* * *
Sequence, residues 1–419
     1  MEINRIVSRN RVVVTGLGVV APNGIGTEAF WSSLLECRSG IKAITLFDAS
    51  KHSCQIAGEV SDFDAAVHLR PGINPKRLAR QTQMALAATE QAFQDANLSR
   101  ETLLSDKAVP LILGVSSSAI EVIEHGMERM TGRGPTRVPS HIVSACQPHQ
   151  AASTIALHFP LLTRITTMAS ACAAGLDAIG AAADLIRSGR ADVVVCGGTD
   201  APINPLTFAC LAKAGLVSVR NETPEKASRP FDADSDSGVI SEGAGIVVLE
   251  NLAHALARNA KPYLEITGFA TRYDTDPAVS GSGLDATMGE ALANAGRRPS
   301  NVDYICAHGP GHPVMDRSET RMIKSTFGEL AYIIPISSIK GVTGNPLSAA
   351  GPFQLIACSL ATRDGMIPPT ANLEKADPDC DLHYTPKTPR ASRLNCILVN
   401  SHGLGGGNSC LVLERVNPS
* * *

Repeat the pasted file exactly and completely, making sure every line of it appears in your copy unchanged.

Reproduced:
Sequence, residues 1–419
     1  MEINRIVSRN RVVVTGLGVV APNGIGTEAF WSSLLECRSG IKAITLFDAS
    51  KHSCQIAGEV SDFDAAVHLR PGINPKRLAR QTQMALAATE QAFQDANLSR
   101  ETLLSDKAVP LILGVSSSAI EVIEHGMERM TGRGPTRVPS HIVSACQPHQ
   151  AASTIALHFP LLTRITTMAS ACAAGLDAIG AAADLIRSGR ADVVVCGGTD
   201  APINPLTFAC LAKAGLVSVR NETPEKASRP FDADSDSGVI SEGAGIVVLE
   251  NLAHALARNA KPYLEITGFA TRYDTDPAVS GSGLDATMGE ALANAGRRPS
   301  NVDYICAHGP GHPVMDRSET RMIKSTFGEL AYIIPISSIK GVTGNPLSAA
   351  GPFQLIACSL ATRDGMIPPT ANLEKADPDC DLHYTPKTPR ASRLNCILVN
   401  SHGLGGGNSC LVLERVNPS